So Twitter hasn’t made money just being a social media darling. Instead it is relying on a medium from another century — your television set — to sell broadcasters and advertisers new methods to more directly connect with their core audiences.
And for that it turned to a small outfit in Cambridge, Bluefin Labs, which it bought earlier this year for $67.3 million. Born out of the Massachusetts Institute of Technology, Bluefin has developed a clever tool to mine Twitter to gauge viewers’ reactions to television shows and commercials. And now as part of prepping for its initial public offering expected for later this year, Twitter is talking to investors about how Bluefin will help turn a money-losing enterprise into a profit machine.
In many ways, Bluefin figured out the value of television for Twitter long before its new owner did. With more people talking about their favorite TV shows and commercials over the Web, Bluefin found ways to analyze that commentary and sell it to networks or other advertisers as new ways to monitor viewer sentiment.
The social Web has become a digital watercooler for conversations around TV programming, as millions of Twitter users regularly tap out 140-character quips while watching “The Walking Dead” or “The Voice,” and other favorites. In just a few years, Bluefin amassed an impressive roster of customers that included just about every TV network including NBC, CBS, and FOX, as well as some of the biggest brands in the world such as PepsiCo Inc. and Mars Inc. — customers that now belong to Twitter.
“The goal is for Twitter to become the social TV analytics company,” said Marie-Jose Montpetit, a research scientist at MIT. “Bluefin brought the analytics.”
‘The goal is for Twitter to become the social TV analytics company. Bluefin brought the analytics.’
Bluefin was founded in 2008 by MIT professor Deb Roy and his former doctoral student Michael Fleischman, and was among the first Internet start-ups working in a burgeoning field known as social TV.
“It was this idea of using electronic means to socialize around TV content,” said Montpetit, who teaches a course in social TV at the MIT Media Lab. “Television has always been social,” she said, but what Facebook, Twitter, and other social networking sites do is create online communities and discussion groups around shows and sporting events.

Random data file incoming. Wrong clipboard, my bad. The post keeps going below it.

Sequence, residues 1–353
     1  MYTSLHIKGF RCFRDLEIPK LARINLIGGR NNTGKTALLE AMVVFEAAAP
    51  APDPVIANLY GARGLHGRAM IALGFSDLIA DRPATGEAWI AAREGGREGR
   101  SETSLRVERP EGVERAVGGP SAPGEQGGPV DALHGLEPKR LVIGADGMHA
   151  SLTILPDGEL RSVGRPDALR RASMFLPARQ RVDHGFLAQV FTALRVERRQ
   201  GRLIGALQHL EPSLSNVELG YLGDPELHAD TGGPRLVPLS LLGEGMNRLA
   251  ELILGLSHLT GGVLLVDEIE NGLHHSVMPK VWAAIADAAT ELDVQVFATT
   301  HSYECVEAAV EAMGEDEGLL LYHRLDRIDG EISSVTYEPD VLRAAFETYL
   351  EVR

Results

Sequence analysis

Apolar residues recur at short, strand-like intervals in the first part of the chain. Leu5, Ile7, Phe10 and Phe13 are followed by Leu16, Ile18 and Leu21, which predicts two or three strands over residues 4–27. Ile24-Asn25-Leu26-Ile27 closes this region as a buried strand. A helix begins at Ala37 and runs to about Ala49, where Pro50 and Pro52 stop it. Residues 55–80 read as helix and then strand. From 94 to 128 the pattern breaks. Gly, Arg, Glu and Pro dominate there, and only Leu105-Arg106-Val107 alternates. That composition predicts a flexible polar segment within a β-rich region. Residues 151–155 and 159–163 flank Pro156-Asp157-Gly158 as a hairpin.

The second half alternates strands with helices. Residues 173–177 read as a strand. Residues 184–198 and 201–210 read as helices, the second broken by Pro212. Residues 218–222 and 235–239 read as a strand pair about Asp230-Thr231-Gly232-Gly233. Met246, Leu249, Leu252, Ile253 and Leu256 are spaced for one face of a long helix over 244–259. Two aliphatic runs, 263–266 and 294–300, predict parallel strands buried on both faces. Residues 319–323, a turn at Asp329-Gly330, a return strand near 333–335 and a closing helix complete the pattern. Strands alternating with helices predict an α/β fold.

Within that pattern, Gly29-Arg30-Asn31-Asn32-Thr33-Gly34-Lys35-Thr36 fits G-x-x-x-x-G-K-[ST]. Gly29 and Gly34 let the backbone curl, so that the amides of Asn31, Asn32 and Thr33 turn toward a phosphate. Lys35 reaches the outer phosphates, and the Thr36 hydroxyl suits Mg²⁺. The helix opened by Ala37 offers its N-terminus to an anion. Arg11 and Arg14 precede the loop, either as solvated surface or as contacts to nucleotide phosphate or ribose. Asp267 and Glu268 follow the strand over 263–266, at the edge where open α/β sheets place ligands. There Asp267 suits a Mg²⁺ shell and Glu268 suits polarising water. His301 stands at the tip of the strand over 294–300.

“What Bluefin managed to do was to link the Twitter chatter to what was happening on television,” said Montpetit.
Roy, the founder, is now chief media scientist for Twitter and his former student, Fleischman, is a product manager at Twitter. Both are in Kendall Square, where Twitter has established its East Coast headquarters. It also bought another Cambridge company earlier this year, Crashlytics, which makes software that detects bugs in mobile apps.
Twitter declined to comment, citing its upcoming IPO. But in a recent Forbes cover story, Twitter chief executive officer Dick Costolo said that “broadcasters have come to understand that Twitter is a force multiplier for the media they’ve created.”
Indeed, advertisers and networks don’t just want to know what viewers are saying, they want to directly engage with fans to increase viewership or more precisely target those consumers who are likely to buy their products.
Not long after Twitter acquired Bluefin, it released a product that advertisers can use to find out exactly who is watching which shows or commercials, based on the content and time of related tweets, and then advertise directly to those viewers on their Twitter feeds.
“Instead of advertising on TMZ and hoping that the people watching TMZ are 15-year-old girls, they can refine their advertising on Twitter and target just girls who follow Lady Gaga, Katy Perry, and Miley Cyrus,” said Michael Pachter, an analyst at Wedbush Securities in Los Angeles. “It’s a natural tie-in because advertisers and TV programmers are always trying to understand their audience.”
That’s just one way Twitter is courting TV. Earlier this month, Twitter announced a partnership with Comcast where subscribers can use their Twitter accounts to select and watch shows from the cable broadcaster. And in partnership with Twitter, ratings company Nielsen rolled out in October the first ever Twitter TV Ratings, which ranks shows based on their popularity in tweets. Twitter has also been hiring top executives who come from the television industry and ramping up efforts to build relationships with networks.
This TV business is a recent conversion for Twitter, as the company was figuring out ways to make a profit and was preparing for its IPO, said Brian Blau, an analyst at the technology research firm Gartner Inc.
“They really didn’t know what kind of company they wanted to be for awhile,” he said. “They have a very short list of markets they want to go after. Twitter picked TV as the one to go after during the IPO period.”
Twitter’s revenues hit $422 million for the nine-month period that ended in September, more than double the same period last year. But it continues to lose money, shedding $133 million so far this year.
Analysts tracking Twitter agree that the company is on track to become profitable in the near future, and that its focus on the growing social TV phenomenon will help it get there. Twitter is expected to push further into this market after its public offering, which the company hopes will raise $1 billion.
But relying on TV may take Twitter only so far. After all, according to Nielsen, only about 600,000 Twitter users tweeted about the huge season finale of “Breaking Bad,” compared with the 10.3 million people who watched the episode.
Michael B. Farrell can be reached at firstname.lastname@example.org.